Friday, July 1, 2011

Some Like It Hot-Buttered by Jeffrey Cohen

Plot: The man didn't laugh at the Blind Man scene in Mel Brooks' Young Frankenstein. That's when Elliot Freed, owner of the struggling Comedy Tonight move theater, started thinking something was wrong. He was dead right. Keyword being "dead". One investigation later, the police discover that the man had been killed by poisoned popcorn. Elliot hops on his bike to find the killer, hoping a murder won't hurt his meager ticket sales and bringing humor to the somber atmosphere of the ongoing investigation.

First Line: "The guy in row S, seat 18, was dead, all right."

Comments: This is the funniest murder mystery I have ever read. Elliot Freed uses sarcasm, dry humor, one-liners - anything he can do to make you laugh. And he does. This is a giggle-out-loud book all the way. Even at suspenseful moments, Elliot's witty narration diffuses the tension. That certainly annoys several of the deadpan, serious police officers, but though they attempt to shoo Elliot away, he insists on persevering. Elliot is definitely an interesting character.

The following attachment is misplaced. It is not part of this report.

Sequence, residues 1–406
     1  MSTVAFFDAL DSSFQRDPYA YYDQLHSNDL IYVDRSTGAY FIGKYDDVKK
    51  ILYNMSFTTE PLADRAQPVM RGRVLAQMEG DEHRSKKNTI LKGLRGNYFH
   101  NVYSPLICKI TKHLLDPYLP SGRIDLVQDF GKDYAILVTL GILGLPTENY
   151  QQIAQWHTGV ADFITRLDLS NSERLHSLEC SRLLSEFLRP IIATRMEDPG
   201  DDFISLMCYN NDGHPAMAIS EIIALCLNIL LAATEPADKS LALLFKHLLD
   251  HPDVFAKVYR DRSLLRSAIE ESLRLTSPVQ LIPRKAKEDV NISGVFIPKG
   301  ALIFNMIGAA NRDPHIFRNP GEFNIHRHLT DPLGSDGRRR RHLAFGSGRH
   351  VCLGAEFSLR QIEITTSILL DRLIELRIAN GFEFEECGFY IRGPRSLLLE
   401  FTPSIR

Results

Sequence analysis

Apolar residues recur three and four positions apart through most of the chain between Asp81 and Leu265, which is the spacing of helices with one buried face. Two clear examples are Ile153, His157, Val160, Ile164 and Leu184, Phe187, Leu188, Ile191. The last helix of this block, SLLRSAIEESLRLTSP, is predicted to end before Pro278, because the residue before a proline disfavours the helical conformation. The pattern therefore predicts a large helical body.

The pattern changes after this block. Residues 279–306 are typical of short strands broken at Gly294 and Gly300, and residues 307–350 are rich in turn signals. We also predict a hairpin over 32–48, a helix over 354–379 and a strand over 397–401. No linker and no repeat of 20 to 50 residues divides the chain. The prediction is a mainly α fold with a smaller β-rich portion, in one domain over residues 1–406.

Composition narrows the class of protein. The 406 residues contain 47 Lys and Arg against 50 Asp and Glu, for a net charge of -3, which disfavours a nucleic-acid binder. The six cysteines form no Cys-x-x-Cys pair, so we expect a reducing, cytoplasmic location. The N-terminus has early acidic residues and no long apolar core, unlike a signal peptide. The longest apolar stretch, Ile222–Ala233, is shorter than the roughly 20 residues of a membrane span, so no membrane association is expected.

I loved the detailed, easily imaginable characters in this story. Sophie, the theater's cashier, while perhaps an excessively stereotypical teenage girl, is simple and one-dimensional but an important piece of the story. Chief Dutton is the law looming overhead but has a friendly, reasonable personality that contradicts common perceptions and adds yet more intrigue to the twists of the plot. And Elliot himself is simply spectacular.

I fervently hope there are (or will be) more Elliot Freed novels, though I suppose the chances of a movie theater owner encountering yet another murder are a little slim. This book was hilarious and complex.

Rating: I rate this book a ten out of ten.

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